I’m going to skip over blogging tips Monday and past a re-cap of birthday festivities, and get right to something a bit more immediate: the documentary Miss Representation. This is because my fellow iVoice, Beth, over at Mommy on a Shoestring is going to Harpo to watch the screening with ROSIE! and she wants questions.
Oh, and she’s going today.
So, all of that being said, here’s the trailer:
I want to be poignant here, but honestly none of this is new to me. I’ve spent the better part of forever thinking critically about the way women are portrayed in the media. Hell, I went through years of college about this topic. If you don’t know who Jean Kilbourne is, educate yourself about her important work right now.
I remember sitting in a media class talking loosely about this topic and children’s programming. Now, this was years ago, but it’s still true — actually even more so — that age appropriate, educational television is available for the preschool set, but once your daughter hovers near second grade: all bets are off.
What you get is a huge dose of sexy snark, weaved out hair, and high-heeled iCarlys.
As a parent — shit as a feminist– it’s fucking infuriating.
Because there is so much more to women than heels, hair, makeup, and skin and bones. And let’s not forget our faces are up here, not down there.
Women, just to be clear, are NOT a minority.
However, in every facet we tend to look like one. To me, it’s very Ants vs. Grasshoppers. You know, A Bug’s Life. We toil, we kinda work together, and meanwhile there are these grasshoppers being all: YOU HAVE NO POWER! And the ants respond with: I guess so. The ants keep toiling and freaking out about what the grasshoppers think. But the strength is in their numbers. In collective empowerment. Not until the ants realize their strength — call the grasshoppers bluff — do they forge ahead and move beyond the grasshoppers’ definition of them.
Yes, I just compared women and feminism to ants.
Which is, by far, not as offensive as the many women I talk to on a daily basis about calories. About weight. About other women. About the Real Housewives. About everything EXCEPT what they are doing to empower themselves in their communities, relationships, work places, and the division of labor inside their homes.
When was the last time you talked to your girl friend about the President’s jobs bill? Or Occupy Wall Street?
Or maternal health in developing nations?
You sure as hell would tell her if you lost 5 lbs. Or gained 10.
And just so we’re clear: I spent Sunday watching Real Housewives, chatted about Occupy Wall Street on the phone, and then debated how I plan to get fit. I also found out that my father has an imaginary friend named “Merv” who added him to LinkedIn as a Law Enforcement professional.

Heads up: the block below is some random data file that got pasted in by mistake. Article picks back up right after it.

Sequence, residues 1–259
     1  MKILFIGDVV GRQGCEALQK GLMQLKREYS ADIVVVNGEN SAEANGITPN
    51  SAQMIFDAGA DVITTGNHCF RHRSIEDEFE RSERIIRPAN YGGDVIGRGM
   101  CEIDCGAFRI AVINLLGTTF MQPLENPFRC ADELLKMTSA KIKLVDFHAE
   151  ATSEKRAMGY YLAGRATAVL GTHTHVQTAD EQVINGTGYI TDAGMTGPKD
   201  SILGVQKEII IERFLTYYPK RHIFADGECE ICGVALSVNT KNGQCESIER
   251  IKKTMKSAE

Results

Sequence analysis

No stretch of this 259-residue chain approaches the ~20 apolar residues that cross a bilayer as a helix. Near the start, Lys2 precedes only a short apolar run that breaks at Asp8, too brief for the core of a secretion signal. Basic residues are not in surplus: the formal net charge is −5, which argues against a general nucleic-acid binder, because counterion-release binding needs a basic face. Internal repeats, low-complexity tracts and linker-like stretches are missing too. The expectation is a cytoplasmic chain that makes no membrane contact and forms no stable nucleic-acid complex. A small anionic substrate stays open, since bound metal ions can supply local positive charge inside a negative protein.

He’s a crossing guard and “Merv” apparently thinks the badge is a real one.
I’m not demonizing anyone’s “girl talk,” but in really, real life no one walks up to another mom at parent pickup and says: let’s have a girls night and every time we see tits and ass, let’s take a shot. Or, let’s talk about the lack of flex time.
Beyond the raging case of alcoholism you’ll quickly develop, these heavy topics somehow seem to hover below the surface of the women we meet like an unspoken code. I know it exists, and you know it exists, and somehow none of us ever talk about it.
It’s like the last thing you want to be caught doing is combining playgrounds with patriarchy.
Which is why I’m thrilled to be a blogger. Until I see shit like this and then call them out for it and get a tepid response.
See, women rule social media. OWN IT. For-reals.
Yet, somehow when women pay to “learn” about social media (and it doesn’t involve BlogHer) we end up with a bunch of guys telling us what to do. Suddenly, they have become the “experts.” Because if not, we’re at a “mommy conference” and no one takes those seriously.
I blame Merv.
Now, I just counted real fast and there looks to be 34 speakers and 5 of them are women.
When I was asked if I would be attending the Social Media Plus Conference, I said: hell nah.
This doesn’t mean that the speakers are not brilliant or hard working or that I couldn’t learn tips and tricks and valuable resources. Of course I could. But, I’m not supporting a conference that’s an old boys club that, sometimes, throws a few women a bone. And lets them, you know, play with the boys. Even though the boys, in this instance, do not make up the demographic they are speaking ABOUT.
This is my version of thinking critically and NOT accepting whats been handed to me. About speaking up and loud and owning my right to be a woman who does not behave. It’s about using my voice and modeling, for my daughter, empowerment.
Because she will be bombarded by images of women who do this and that, say this and that, and yet say nothing and do even less.
One of the first things I did as a mother was to buy the book Things Will Be Different For My Daughter.
It’s in my book case next to my bed. I walk past it every night before I lay my head down and glance at it every morning when I wake up.
It’s my alarm. My reminder. My goal.
Things will be different for her.
As noted by my sister, I never told you when Miss Representation will air. Find Miss Representation on OWN this Thursday (10/20) at 9 PM EST.